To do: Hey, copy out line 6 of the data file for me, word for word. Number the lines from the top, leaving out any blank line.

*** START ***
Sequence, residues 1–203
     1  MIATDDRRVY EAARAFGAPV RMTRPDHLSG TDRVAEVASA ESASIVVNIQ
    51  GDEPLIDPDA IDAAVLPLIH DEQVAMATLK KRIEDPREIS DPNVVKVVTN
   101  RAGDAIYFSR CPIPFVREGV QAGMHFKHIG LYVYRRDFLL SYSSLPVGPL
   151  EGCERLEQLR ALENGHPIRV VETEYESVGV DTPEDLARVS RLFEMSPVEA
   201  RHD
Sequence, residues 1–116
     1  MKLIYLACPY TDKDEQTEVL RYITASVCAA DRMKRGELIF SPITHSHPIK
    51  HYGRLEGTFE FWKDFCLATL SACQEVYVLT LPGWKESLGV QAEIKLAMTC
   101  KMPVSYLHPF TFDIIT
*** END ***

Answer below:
   201  RHD